So the Boston public schools have reopened after the spring break. For the last few weeks, proposals and counterproposals have been shield back and forth between the mayor and the city council. Varying amounts of millions have been solemnly affirmed as necessary for solving the city's financial crisis. Personalities and institutions have been smirched, muddied, and decried. And Bostonians who have tried to puzzle out these political machinations may be forgiven if, in the tangled ball of twine that is local government, they see no clear threads.
The financial crisis, perhaps the worst the city has ever faced, is by no means over. The dust, in fact, may not settle for some time. So this may be as good a time as any to try to ravel some significance out of the tangle -- a tangle woven of several threads, created by a number of spinners each trying to weave a different noose, and resolved not by careful fingers but by scissors.
First, the threads. There are three major ones, each contributing to the city's fiscal woes, but each remarkably different and not to be confused:
* School committee overspending. Nine months ago, Mayor Kevin H. White, tired of consistent school-budget deficits since 1976, gave the schools only what they had had the year before: $195 million. The school committee, however, had negotiated a wage increase with its teachers (already among the best paid in the nation) worth another $15 million, which court action compelled the city to pay. The brought the budget to $210 million -- up from $96 million 10 years ago , during a period when enrollments fell from 94,000 to 64,000 students. But the school committee, instead of belt-tightening toward the $210 million budget, will finish the year having spent something like $240 million.
* Property tax rebates. At least since the days of Mayor Curley in the 1930s , Boston's property tax assessing practices have been shot through with political favoritism. Those upon whom the administration smiled had low assessments. Those who misstepped found their property mysteriously revalued. The resulting patchwork -- and the ongoing tradition of haphazard assessment -- created monstrous inequities. The Boston Finance Commission, a state-created watchdog over city affairs, has found some classic examples on West Concord Street in the South End. There, two parcels of similar value were both assessed at $5,500 in 1980. One is now assessed at $7,200, the other at $15,000. Nor do assessments reflect fair market values: The $7,200 parcel has recently been on the market for $185,000.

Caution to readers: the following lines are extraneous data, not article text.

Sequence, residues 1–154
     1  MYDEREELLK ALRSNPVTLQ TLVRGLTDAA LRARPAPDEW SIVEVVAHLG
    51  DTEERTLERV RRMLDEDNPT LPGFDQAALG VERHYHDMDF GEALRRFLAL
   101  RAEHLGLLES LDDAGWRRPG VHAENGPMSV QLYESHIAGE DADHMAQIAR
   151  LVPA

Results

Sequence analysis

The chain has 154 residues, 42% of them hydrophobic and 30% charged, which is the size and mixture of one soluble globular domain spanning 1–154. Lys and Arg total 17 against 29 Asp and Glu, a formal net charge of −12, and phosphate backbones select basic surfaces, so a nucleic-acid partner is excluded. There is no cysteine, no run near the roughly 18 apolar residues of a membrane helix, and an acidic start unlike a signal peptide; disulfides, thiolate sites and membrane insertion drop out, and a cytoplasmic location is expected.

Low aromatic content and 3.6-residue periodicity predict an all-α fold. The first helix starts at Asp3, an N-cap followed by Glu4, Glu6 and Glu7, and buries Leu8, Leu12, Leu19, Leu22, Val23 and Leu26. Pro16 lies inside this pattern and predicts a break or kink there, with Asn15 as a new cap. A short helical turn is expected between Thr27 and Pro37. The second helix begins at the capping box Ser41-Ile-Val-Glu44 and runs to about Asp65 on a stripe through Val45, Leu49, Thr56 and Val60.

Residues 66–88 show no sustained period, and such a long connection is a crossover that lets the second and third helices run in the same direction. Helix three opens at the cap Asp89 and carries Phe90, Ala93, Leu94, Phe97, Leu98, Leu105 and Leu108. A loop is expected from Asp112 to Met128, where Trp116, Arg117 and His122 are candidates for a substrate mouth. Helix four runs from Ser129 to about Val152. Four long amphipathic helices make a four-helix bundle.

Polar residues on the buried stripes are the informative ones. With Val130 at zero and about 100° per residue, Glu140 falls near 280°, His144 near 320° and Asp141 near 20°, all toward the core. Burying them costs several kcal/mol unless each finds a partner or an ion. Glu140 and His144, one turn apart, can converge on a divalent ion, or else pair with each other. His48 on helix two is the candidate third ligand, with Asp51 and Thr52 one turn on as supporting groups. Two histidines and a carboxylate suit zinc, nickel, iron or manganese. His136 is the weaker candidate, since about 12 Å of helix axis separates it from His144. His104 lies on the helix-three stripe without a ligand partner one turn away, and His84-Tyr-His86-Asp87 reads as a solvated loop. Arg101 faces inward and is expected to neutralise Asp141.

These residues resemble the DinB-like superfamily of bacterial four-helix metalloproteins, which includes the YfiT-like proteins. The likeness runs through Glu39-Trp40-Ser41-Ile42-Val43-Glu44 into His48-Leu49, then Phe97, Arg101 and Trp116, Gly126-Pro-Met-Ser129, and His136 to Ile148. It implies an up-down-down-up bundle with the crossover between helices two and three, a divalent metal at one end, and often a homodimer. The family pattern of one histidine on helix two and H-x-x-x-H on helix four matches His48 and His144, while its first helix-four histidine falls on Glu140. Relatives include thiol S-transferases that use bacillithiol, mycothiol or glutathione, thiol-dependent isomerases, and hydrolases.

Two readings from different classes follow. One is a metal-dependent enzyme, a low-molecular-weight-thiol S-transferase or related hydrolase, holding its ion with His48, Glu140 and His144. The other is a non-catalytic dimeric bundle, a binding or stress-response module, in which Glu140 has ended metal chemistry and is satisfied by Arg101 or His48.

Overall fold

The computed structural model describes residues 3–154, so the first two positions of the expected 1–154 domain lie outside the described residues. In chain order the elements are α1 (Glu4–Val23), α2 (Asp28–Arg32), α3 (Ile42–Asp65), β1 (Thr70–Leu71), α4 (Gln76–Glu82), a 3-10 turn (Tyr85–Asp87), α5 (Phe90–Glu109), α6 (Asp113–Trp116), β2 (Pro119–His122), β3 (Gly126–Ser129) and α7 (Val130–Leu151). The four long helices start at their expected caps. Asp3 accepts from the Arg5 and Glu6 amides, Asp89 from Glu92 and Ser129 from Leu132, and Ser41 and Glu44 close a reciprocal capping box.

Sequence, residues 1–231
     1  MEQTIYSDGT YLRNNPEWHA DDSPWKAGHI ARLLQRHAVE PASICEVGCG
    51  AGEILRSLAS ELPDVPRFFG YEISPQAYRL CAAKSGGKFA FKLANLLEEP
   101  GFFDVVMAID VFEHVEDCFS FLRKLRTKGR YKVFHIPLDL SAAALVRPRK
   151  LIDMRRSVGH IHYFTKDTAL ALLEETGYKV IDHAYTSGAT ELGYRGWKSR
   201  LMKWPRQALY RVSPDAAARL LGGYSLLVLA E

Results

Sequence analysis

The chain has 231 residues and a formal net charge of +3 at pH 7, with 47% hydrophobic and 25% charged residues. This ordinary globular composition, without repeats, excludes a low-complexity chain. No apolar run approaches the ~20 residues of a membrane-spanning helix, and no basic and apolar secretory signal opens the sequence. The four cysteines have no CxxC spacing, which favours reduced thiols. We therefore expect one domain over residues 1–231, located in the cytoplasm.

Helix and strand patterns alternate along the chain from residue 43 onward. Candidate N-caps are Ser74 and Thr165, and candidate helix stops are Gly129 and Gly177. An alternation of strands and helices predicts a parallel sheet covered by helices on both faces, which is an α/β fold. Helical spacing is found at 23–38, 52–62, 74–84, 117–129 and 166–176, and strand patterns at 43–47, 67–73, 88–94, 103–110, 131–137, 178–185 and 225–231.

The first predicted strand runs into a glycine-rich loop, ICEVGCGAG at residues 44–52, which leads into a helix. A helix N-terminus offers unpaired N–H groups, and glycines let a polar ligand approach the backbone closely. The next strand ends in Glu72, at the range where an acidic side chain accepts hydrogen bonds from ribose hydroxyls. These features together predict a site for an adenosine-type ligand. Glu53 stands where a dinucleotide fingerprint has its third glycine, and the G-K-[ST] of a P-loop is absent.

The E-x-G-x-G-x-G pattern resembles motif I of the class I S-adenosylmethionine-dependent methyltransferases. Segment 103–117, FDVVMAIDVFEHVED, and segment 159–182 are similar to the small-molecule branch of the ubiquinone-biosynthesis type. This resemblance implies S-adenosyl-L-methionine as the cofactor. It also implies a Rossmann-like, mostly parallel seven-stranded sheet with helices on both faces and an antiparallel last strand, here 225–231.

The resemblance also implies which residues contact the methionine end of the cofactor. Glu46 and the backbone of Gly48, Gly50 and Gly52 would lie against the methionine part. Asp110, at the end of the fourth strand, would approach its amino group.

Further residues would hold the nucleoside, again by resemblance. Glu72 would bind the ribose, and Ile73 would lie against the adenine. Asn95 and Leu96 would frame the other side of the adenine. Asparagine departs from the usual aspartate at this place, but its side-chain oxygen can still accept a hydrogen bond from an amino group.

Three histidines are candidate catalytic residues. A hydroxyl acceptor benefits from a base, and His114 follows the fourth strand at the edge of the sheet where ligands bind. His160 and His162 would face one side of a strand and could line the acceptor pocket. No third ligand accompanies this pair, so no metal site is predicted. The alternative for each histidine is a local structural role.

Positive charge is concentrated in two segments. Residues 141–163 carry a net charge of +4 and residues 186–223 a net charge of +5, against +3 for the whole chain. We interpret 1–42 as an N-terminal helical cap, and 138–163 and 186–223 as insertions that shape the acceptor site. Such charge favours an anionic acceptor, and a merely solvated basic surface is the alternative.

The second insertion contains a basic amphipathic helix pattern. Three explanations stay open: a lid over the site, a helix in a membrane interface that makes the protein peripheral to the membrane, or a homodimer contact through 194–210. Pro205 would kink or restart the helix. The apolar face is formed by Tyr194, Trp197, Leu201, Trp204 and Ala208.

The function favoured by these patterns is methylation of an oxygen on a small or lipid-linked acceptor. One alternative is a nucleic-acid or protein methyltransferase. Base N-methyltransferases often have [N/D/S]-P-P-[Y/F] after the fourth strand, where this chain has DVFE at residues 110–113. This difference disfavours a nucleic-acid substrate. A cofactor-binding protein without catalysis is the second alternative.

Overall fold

The system, however, is undergoing several jolts. Last year, the city lost the so-called "Tregor" case. Having overtaxed commercial properties in the past while keeping residential assessments (where voters live) low, the city found itself liable for some $78 million in tax rebates. Then on April 24, in the heat of the school crisis, came a decision in the related "French" case -- adding an additional $30 million to the abatement figure. The upshot: Before the end of its fiscal year on June 30, the city may need to reimburse property owners some $35 million.
* Proposition 2 1/2. The toughest of the three threads, this one is also the most open to devious uses by the various spinners. Designed to limit property taxes to no more than 2 1/2 percent of assessed value, the statewide measure will force the city to trim its budget by $119 million next year. Mayor White has already taken a hiding from a distraught public for cuts in the police and fire departments, as part of a 3,500 to 4,000 trimming of city staff planned by July 1. To some extent, these cuts are necessary at this time, in order that vacation days, sick leave, and severance pay arrangements can be completed before revenues fall drastically next year.
But, like consummate bureaucrats throughout the state, the mayor's administrators have busily used the measure as an excuse, blaming a proposition that has yet to take effect (except in falling excise-tax revenues) for problems Boston would have had in any case. The mayor has unashamedly cut the very things (like patrolemn and firehouses) that will bring the public screaming to its feet. The plan could work: It may help persuade the state legislature to recall the proposition, allow communities to override it locally, or funnel back more state aid to ailing cities and towns. But it could backfire: The mayor's already-flaccid popularity may wilt still more if these moves generate the perception that patronage jobs are surviving while service jobs are being axed.
How fat are these threads? Of the city's $878 million budget, only about $ 250 million is "discretionary" money not irrevocably committed to such things as repaying debt or funding pensions. So finding another $35 million to repay the overtaxed and $30 million to bail out the schools adds a whopping 26 percent increase -- and all before the nearly 50 percent reduction in discretionary spending required by Proposition 2 1/2 next year.